(Chuck w/photos & notes by Jan) Sierra Ancha Cliff Dwellings is a series of native American ruins that were built between 1280 and 1350 in an area which is East of present day Lake Roosevelt, AZ. The ruin we hiked to is known as Devil’s Chasm.
In April, 2010, Sheeley’s, Poutney’s and Jan and I were sitting around a fire in Rye and Dean was telling us about ruins in the area. Soon a plan was hatched and Ron, Dean and I set out to find a well hidden ruin on Cherry Creek. Long story, short reveals that this is no casual “hike in the mountains”. This is a difficult and possibly dangerous journey that not all who start are expected to complete. Back in April, 2010 Ron and I left the creek too soon and exhausted ourselves on the side of the mountain. We returned to the waterfall not defeated, but far more experienced.
On this attempt with Bruce & Dee and Jan & I, we researched the site and found GPS coordinates and photos from other people who had made the hike. This was very helpful and provided a good chance for success.
|Above, Bruce & Dee starting out fresh in the woods where we parked our truck. Dee & Jan hiking, center, and ‘the big rock’ that blocks the canyon about half way up at right.|
There are five or six places that require very careful maneuvering along narrow rock ledges which are twenty foot above the rock creek bed. It breaks rules that Jan and I have used on hikes. We have always said that we would not do anything that would jeopardize our RV lifestyle. We broke that rule when we conquered the bad area with very careful and deliberate foot and hand placements up the face of the 20+ foot waterfall. We reminded ourselves that even though we were tired, safety was most important.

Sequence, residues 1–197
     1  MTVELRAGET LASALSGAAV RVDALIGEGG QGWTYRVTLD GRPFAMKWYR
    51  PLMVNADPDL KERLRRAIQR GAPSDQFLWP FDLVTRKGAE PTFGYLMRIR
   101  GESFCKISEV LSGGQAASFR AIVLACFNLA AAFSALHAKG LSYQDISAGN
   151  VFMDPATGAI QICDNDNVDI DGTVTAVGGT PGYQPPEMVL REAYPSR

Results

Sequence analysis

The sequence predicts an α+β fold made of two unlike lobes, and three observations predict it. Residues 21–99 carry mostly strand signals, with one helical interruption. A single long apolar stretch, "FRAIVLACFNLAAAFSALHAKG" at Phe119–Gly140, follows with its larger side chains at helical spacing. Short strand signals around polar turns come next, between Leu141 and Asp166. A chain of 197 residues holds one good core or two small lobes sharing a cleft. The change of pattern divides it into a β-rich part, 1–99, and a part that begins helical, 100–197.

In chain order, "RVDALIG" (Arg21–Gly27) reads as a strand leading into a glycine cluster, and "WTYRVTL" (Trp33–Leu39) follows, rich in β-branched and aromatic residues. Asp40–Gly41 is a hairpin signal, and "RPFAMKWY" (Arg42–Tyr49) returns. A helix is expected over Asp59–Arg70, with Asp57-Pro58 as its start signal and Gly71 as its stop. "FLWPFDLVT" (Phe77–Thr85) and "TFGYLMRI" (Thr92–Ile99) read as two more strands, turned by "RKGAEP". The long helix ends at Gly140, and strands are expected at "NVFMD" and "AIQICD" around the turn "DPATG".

The “trail” is marked with rock carrions as it follows the canyon. A quarter mile past the point that Ron and I (April 2010) had left the creek and followed a false trail up the canyon wall, we came to the right place where we started a very steep ascent up the side of the canyon. This final climb is in excess of 45 degrees in thick brush and loose rock and dirt. After several hundred yards we were finally greeted with the first view of the ruin. Until this point there was some concern that not all three of us were going to proceed. It was a welcome sight in the sunlight. We made the final push after a brief rest and lunch while clinging along this steep path.
|Entering the ruins.||Chuck by the front door||Looking up to the second floor and the overhanging protecting cliff|
|A matate or grinding stone left on the floor in one of the rooms by the ancient peoples||A hand print in the adobe ‘mud’ between the bricks and a door ledge.||Looking out a window|
|Chuck & Jan at a window on the far side of the ruins that drops off down into the canyon below||A dividing wall||Jan & Bruce standing on the ledge right below the ruins ready to tackle our hike/slide down|
We rejoined Dee below the Big Rock, and all safely returned to the pickup.
This is trail is only four miles round trip, but it is easily the most difficult one that we have been on. From the start of the trail where we parked the pickup to the ruin there is a 2100 foot elevation gain. Jan and I carried a two liter Camelback and four 20 oz. water containers for a total of 140 ounces and we used all of it.
This journey requires a 28 mile, hour and one half drive on gravel through the mountains. Bruce, Dee, Jan and I set out on the trail at 10:00 and we all returned to the parking area (very tired) six hours later. Devil’s Chasm Ruins was a very satisfying accomplishment for us.
Pictures are by Bruce and Dee Richmond and Chuck & Jan Moore. Click on any imagine to enlarge it.